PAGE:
Have you ever had an employee who just didn’t seem motivated?
Have you had a team member who didn’t seem to have any drive to succeed?
Do you personally set goals and then feel bad when you fail at them? Again!
Goal setting is something that people talk about all the time. It seems to be something that we should have a handle on. As simple as goal setting may seem, goal achievement is not as easy. When is the last time you actually reflected on your personal goal setting strategies? Have you reflected on what steps you take to motivate yourself? Or Others? Motivation like goal setting is easier said than done. How many people actually spend time learning how to impact the motivation of yourself or others?
Motivation is the drive or desire to do something. Within that drive or desire there are three elements that you also need to reflect on. Too often people say the goal they are working toward is their motivation. It may be what influences the motivation you have, but often it is not what motivates you. Think about it, how many people do you know who have the same weight loss goals? Why do some people achieve success while others don’t if they have the same goal? It is more about these three elements that determine the success rate vs the goal itself. The three elements of motivation are:
Direction- what are you actually going to do
Intensity- how much are you going to do it? How hard are you going to work?
Persistence- how long will you keep working at it? How willing are you to fight through obstacles? What are you willing to sacrifice?
One of the greatest challenges with motivation is the fact that we live in a world of instant gratification. Yet goals are not an instant success. This goes for ourselves and also our employees. I have watched so many University graduates expect promotions to management after only 1 year in the field. The feeling of success not coming quick enough for them is hard to watch. I have seen the best feel like failures because it just didn’t come fast enough for them. They have grown up in a world where they are rewarded quickly.
Knowing this for ourselves and our people we owe it to them to look at different ways that we can set goals that can offer short term rewards. These act as fuel for the motivation to keep at it long enough for the actual long term win. Essentially delayed rewards lead to people giving up on things faster than before. How can we increase immediate satisfaction to sustain long term motivation?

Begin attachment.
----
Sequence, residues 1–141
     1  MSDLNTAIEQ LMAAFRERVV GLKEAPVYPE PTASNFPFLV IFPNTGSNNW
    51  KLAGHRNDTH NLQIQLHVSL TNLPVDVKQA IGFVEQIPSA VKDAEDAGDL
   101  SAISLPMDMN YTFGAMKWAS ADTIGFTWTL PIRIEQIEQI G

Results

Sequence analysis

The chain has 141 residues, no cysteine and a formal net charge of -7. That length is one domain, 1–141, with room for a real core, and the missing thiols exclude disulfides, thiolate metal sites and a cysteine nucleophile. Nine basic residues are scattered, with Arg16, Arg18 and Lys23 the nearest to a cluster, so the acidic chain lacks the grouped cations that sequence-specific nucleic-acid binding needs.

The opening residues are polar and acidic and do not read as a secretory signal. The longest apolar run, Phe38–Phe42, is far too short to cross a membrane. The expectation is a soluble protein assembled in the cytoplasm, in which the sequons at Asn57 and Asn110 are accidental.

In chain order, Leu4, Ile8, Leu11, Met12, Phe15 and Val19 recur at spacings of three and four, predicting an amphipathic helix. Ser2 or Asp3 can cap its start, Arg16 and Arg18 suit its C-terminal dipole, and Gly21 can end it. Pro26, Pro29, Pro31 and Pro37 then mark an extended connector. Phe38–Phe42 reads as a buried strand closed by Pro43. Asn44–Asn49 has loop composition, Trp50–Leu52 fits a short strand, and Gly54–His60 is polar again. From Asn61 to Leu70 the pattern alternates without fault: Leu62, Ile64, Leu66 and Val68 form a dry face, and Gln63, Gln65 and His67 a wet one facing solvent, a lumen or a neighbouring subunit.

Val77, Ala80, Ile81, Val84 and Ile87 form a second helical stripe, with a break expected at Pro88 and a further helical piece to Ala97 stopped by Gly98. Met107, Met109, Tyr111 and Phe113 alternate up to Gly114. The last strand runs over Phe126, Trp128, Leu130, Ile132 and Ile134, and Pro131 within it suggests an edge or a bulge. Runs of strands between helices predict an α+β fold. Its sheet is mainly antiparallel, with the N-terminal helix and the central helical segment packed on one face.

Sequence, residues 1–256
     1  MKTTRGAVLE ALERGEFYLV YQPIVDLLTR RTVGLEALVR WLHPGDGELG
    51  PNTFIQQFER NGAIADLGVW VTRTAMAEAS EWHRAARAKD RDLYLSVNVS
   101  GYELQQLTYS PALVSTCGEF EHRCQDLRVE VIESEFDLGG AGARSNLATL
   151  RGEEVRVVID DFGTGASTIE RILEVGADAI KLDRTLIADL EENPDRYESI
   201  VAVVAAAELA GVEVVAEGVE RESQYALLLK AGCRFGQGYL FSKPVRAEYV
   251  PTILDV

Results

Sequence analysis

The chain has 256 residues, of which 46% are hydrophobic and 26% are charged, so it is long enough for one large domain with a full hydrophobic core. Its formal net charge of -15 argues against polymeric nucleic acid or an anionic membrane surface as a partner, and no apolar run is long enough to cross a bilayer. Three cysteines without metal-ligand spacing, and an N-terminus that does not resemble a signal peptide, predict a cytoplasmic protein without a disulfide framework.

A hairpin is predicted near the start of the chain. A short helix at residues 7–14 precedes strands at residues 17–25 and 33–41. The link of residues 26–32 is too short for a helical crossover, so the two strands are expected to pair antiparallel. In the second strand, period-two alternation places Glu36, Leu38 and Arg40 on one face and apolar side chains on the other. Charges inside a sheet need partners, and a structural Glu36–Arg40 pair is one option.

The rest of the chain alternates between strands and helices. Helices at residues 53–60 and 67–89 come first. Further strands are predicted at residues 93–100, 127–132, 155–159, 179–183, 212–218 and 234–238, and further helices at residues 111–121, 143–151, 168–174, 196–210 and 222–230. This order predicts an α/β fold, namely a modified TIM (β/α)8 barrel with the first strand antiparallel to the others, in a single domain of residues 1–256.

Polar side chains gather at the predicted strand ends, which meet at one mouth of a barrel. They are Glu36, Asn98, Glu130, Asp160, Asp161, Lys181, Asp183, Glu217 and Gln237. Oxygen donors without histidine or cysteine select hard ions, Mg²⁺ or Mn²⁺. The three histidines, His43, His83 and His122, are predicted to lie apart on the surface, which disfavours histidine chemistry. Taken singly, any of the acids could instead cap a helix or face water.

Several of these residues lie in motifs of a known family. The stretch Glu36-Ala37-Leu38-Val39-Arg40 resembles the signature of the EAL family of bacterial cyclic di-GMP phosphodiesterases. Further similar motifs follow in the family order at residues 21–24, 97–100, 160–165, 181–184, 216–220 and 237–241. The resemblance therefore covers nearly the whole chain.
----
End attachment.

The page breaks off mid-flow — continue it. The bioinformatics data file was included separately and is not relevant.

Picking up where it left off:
There are a few different theories on this. Two I have used a lot and find to be really helpful. Self Determination Theory looks at 2 impacts on self motivation:
Intrinsic- what you do for yourself
Extrinsic- what you do for social approval
Within the theory there are sub theories on how you can impact both of these areas. One of those is that people choose activities that fulfil and satisfy three basic needs:
Autonomy- doing things on your own accord
Competence- do what you feel good at
Relatedness- do things for social connection.
When you think about these things it really does create curiosity about the impact these things can have in a work force and how we can impact them for employee performance. Autonomy does not mean that I get to do what I want, it can mean that I have control over how I execute a must do task and find control within the control. Or maybe it is that I have control over giving up control and choose to just let some control go. This would be really important in jobs that have very specific tasks each day.
Competence is obvious, people want to feel successful. I often say to the managers who work for me, “no one comes into work every day to fail”. How can we feel more successful at what we do? How can we help others feel successful? We can do this by creating actionable tasks. When you focus only on the end result goal there are a lot more chances to fail. When the goals are broken down into consumable pieces success becomes easier to feel. Keep in mind when you are goal setting that subjective results (how we feel and our level of satisfaction toward something) is just as important as objective results.
The concept of competence segues nicely into the final concept I want to share for effective goal setting. It is a goal setting strategy that has proven to be very successful in sport, but I have carried it over into business and personal with the same success. When you are setting a goal break it into 3 sections:
Outcome Goal- this is what you actually want “I want to lose 20 lbs” or “I want to sell 1000 units this quarter”
Process Goals- these are the things you need to do each day in order to actually achieve the outcome goal “I will sleep 8 hours a night, I will maintain a 1600 calorie diet” or “I will make 20 calls to clients per day”.
Performance Goals- these are measurable actions you will take along the way to measure the success achieved in the process goals. Ie: if my process goal for fitness is to go to the gym 3 times a week. I will not see any changes at the end of each visit. I will have measurable changes after 2 weeks, when I can expect to see my strength increase, or my flexibility to be better.
When you break the goals down into these measurable chunks it takes it back to the initial concept: people want instant gratification and will stay motivated longer when they have it. When you help others (or yourself) reach smaller goals faster, they (or you) will keep fighting for the end goal (the outcome goal).
We so often set goals only focused on the outcome and leave out all the other factors. This is the greatest cause of failure. You need to decide what your drive, intensity and persistence will be. You need to find daily wins. This is how you can increase your chances of success. As we are sitting with a New Year not too far away take some of these practices into your personal, professional, children’s or teams goal setting and I hope you reach new heights of success… happily!